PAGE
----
Technology has changed the playing field for surgeons. Word-of-mouth referrals are now supplemented by online searches, and are losing traction as the primary patient acquisition channel with the influx of technological innovations. In the new digital landscape, orthopedic surgeons are starting to market themselves more aggressively to stay on pace.
"Orthopedic surgeons have lagged behind (in marketing) because they haven't necessarily been confronted with the idea they need to be marketing," says Garrett Smith, founder of OrthoRank, a company that provides an all-in-one in digital marketing solution for orthopedic surgeons.
Since OrthoRank's inception in 2013, the agency has worked with over a dozen practices and clinicians to bolster their marketing strategy.
"What we tend to see is there are many surgeons that start marketing online with the launch of a website or maybe some basic advertising, but fail to consistently create, manage and optimize their efforts leading to a lack of results," Mr. Smith says. "The problem is that what works online is always changing. What worked a month ago, doesn't work today. Today this means surgeons must make sure to stay up to date and always be marketing their practice which is tough to do with everything else they have on their plate."
1. Google has made significant updates to the way patients access providers via their search engine. Previously, simply having a website would ensure patients could easily find a surgeon. Within the last two years, Google has updated their algorithm to display results for surgeons based on their proximity to the user. A patient searching for an orthopedic surgeon will now see a list of surgeons within a 20-mile radius. The information Google and other search engines currently use to determine which surgeons appears highly for related searches has also changed.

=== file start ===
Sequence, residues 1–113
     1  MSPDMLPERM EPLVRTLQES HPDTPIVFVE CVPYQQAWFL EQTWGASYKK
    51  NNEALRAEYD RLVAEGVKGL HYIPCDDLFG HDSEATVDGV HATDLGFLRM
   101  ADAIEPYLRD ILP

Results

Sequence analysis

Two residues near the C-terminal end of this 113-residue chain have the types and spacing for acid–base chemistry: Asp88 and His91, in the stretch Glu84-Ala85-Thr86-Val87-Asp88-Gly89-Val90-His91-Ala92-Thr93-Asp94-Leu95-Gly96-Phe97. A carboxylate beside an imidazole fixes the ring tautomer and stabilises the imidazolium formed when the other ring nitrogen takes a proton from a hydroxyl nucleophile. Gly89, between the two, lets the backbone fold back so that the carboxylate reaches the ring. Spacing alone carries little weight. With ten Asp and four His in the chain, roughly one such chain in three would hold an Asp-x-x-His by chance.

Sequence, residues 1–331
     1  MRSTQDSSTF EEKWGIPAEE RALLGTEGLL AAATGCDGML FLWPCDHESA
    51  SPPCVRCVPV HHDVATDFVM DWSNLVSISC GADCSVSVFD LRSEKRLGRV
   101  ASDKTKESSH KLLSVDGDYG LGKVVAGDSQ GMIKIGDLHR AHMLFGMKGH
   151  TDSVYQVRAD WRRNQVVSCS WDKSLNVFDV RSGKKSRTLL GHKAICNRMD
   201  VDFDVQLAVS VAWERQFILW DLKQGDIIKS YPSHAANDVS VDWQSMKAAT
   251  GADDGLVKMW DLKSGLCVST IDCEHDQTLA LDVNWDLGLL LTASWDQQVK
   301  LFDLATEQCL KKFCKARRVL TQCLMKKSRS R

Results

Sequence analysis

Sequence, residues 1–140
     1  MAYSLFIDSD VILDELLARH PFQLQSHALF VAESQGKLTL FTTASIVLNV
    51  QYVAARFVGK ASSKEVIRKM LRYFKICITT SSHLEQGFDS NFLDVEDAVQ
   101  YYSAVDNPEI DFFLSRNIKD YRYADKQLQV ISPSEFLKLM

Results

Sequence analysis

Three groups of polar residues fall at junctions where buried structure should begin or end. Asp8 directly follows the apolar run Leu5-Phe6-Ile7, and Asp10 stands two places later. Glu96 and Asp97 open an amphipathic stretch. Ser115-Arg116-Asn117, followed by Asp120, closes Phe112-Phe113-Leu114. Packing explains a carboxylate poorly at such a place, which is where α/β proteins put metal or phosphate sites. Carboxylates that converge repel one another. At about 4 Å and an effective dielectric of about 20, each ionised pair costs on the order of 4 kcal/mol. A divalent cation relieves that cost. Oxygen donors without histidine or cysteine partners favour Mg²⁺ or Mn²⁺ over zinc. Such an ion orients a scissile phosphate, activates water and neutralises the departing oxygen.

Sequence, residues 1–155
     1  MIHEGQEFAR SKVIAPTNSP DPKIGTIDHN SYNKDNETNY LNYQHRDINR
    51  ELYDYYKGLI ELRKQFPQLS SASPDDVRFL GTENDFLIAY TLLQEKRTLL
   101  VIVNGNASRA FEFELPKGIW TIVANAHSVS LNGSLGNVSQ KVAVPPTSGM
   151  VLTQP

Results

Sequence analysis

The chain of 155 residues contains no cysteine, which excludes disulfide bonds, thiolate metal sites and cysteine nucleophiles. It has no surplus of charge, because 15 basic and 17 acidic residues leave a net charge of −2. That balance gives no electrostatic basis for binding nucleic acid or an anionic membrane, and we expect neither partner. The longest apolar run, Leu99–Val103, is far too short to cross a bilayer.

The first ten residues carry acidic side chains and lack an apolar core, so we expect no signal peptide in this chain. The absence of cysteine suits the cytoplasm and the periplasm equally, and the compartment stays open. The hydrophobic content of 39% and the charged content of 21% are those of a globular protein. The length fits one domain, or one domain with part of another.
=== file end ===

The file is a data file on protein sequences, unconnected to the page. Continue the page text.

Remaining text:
"Essentially, a lot of orthopedic surgeons who invested in websites are not getting the full value because of the changing ways of search engines," Mr. Smith says. "When a patient now conducts a search on Google, the results they see include paid ads, a map of clinic office locations nearest the searcher, three listings of providers based on Google My Business data and then the organic search results containing websites. Your website is now likely to be the third or fourth option to interact with you."
2. Google will compare the name, address and phone number associated with the surgeon across a number of other prominent websites to determine the data's accuracy and legitimacy. If Google cannot track a surgeon's location and specialties, it won't list that surgeon high for related searches, costing them potential patients. "Having all of your practice information exactly the same across the hundreds of prominent directories and online profiles is a strong indicator that you're a legitimate practice that cares about your online brand," Mr. Smith explains. "It's a major undertaking, but search engines do reward those who make the efforts with higher rankings and therefore more new patients."
Another factor influencing a surgeon's ranking on search engines includes acquiring a sufficient number of patient reviews. OrthoRank gives surgeons three recommendations on how to have patients fill out reviews: